Wilsen - "Magnolia" (from the Magnolia EP)
Major labels have been notoriously gun-shy when it comes to signing new artists lately -- particularly unknown and untested ones from across the pond. Columbia has been stepping up to the bar in fine fashion recently with new DC-faved acquisitions like Asgeir, First Aid Kit, Chloe Howl and London Grammar. Add to that list Irish singer/songwriter Hozier (aka Andrew Hozier-Byrne). We tipped you recently to Hozier's From Eden EP and now we've got an acoustic performance video of "To Be Alone" shot in an old hotel ballroom in Kilkenny, Ireland. Hozier returns to the U.S. for seven showcase performances in May (see dates below) and will complete his debut album for release later this year.
A relationship gone bad gets analyzed by the numbers in "Math Wiz," a brisk bit of catchy folk/pop goodness from veteran Canadian singer/songwriter Emm Gryner and her just released tenth album Torrential. Of course we get things "divided," "taken away" and "summed up," but as Gryner sings at the outset, "sue me if that sounds a little weak." No worries.
Emm Gryner - "Math Wiz" (from Torrential)
As the title of the second album from Mimicking Birds, Eons seems about right. It's been a long four-year wait since songwriter/guitarist Nate Lacy and his Portland, OR, band released their acclaimed eponymous debut but in describing his new album as an exploration of "the infinite and the infinitesimal" he's also clearly looking at the big, rather timeless, picture. The music of his Birds, however, remains grounded and human-sized: warm and ethereal musings that mix an acoustic heart with just enough shimmering, artful embellishments to lend the songs a larger-than-life feel. Lead track "Bloodlines" is one of our favorite songs of the year, a stunning melody floating above twinkling guitar lines and a shuffling, unpredictable time signature. Eons drops May 13 via Modest Mouse-man Isaac Brock's Glacial Pace label. Click through for "Burning Stars" from the 2010 debut.
Mimicking Birds - "Bloodlines" (from Eons)
"Palace" is the welcome new track and video from Brooklyn's The Antlers, the art/pop trio and critical darlings led by falsettoed frontman Peter Silberman. Taken from the band's forthcoming June 17 album Familiars, the song exemplifies what we've referred to before as The Antlers' "painstakingly cinematic and intricately textured" music. The impressionistic video for "Palace" was directed by Hana Tajima. Click through for the lyrics.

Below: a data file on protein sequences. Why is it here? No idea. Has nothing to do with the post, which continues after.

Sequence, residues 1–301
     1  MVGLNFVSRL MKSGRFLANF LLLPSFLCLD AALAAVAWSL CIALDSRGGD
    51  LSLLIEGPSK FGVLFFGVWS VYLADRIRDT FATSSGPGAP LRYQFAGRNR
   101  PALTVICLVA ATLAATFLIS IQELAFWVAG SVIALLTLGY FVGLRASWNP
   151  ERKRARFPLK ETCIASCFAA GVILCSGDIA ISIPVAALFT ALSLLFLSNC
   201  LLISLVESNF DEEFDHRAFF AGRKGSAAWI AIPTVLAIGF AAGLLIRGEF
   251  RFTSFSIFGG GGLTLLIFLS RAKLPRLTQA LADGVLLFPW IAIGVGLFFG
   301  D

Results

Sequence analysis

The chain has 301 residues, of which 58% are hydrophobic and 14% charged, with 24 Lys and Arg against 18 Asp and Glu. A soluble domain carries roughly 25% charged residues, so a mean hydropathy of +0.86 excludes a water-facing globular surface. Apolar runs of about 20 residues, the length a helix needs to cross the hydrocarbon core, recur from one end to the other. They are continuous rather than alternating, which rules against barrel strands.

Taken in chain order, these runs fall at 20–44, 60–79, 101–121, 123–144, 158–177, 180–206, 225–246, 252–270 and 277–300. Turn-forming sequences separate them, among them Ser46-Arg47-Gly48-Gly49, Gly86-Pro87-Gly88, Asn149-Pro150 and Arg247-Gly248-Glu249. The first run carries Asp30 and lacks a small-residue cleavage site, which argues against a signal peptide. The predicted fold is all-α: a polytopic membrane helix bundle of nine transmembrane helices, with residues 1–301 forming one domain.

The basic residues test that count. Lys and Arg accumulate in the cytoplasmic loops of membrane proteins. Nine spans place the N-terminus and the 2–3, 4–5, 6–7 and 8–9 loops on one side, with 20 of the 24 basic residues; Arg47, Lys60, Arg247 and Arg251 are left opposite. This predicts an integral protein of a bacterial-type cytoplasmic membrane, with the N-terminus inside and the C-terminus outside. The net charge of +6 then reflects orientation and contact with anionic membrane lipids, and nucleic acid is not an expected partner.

James Vincent McMorrow's "Red Dust" not only gives us the chance to highlight another track from his exquisite January album Post Tropical, it presents the opportunity to highlight the video's director Aoife McArdle and director of photography Stephen Annis (who shot Arthur Beatrice's "Late"). Unlike most music videos that come across as cheezy marketing strategies or dimbulb self-indulgence, "Red Dust" and "Cavalier" (below) deliver an interesting and provocative narrative as well as striking visual images. Note: brief nudity might make this NSFW. Stay tuned for another Annis-shot vid later this week. More DC on McMorrow and Post Tropical here...
Like fellow Canadian alt-pop outfits Hey Rosetta on the east coast and Said the Whale on the west coast, The Royal Streets, from the more centric Waterloo, Ontario, ply that particular musical trade fusing artful indie pop with a distinctive left-of-center sensibility. But there's more of an unpretentious acoustic jangle and an almost jazzy melodic feel at the core of Kings and Queen, the band's debut full length produced by Dan Hosh (City and Colour, Whitehorse) and released independently earlier this month. Album opener "Bass Clap" immediately sets the tone for what's to come: the vocals of guitarist Algernon Friolet and Jillian Dowding harmonizing and playing off each other with a fresh, unpredictable edge as the band keeps things pulsing, then kicking with a persistent urgency. Click through below to listen to "Wake Up Chord" and watch the video for "Hoes In Mexico." Stream the full album here...
The Royal Streets - "Bass Clap" (from Kings and Queen)
We're not sure if being the daughter of a minister plays into Tori Amos' new track from her forthcoming album Unrepentant Geraldines. Maybe it's what she calls a "genetic thing" in reference to the Cherokee blood from her mother's ancestry. Or her North Carolina roots that prompts her to comment that "the South walks with me wherever I am in the world." But when she starts singing "Satan knows how danger makes you feel" in "Trouble's Lament" you certainly get the feeling that she's still got battling demons on her mind. Look for Unrepentant Geraldines on May 13 via Mercury Classics.
Tori Amos - "Trouble's Lament" (from Unrepentant Geraldines)
Yes, there are five other members of the London's Anglo-French outfit The Night VI, but when it comes to any discussion of the band's particular sound -- we'll go the London-Grammar-meets-Fleetwood-Mac route -- it doesn't take long for things to focus on singer Sophie-Rose Harper. Fresh off a well-received debut EP last fall, the unfortunately titled sextet returned recently with a new single "Sienna," which you can stream when you click through below. But today's focus is our Friday Cover and we're going with Harper's take on Jeff Buckley's "Lover You Should Have Come Over." Backed with just a guitar, Harper starts tentatively in a low register so stick with it -- the last couple of minutes are worth the wait. Check out our original RADAR from last fall here.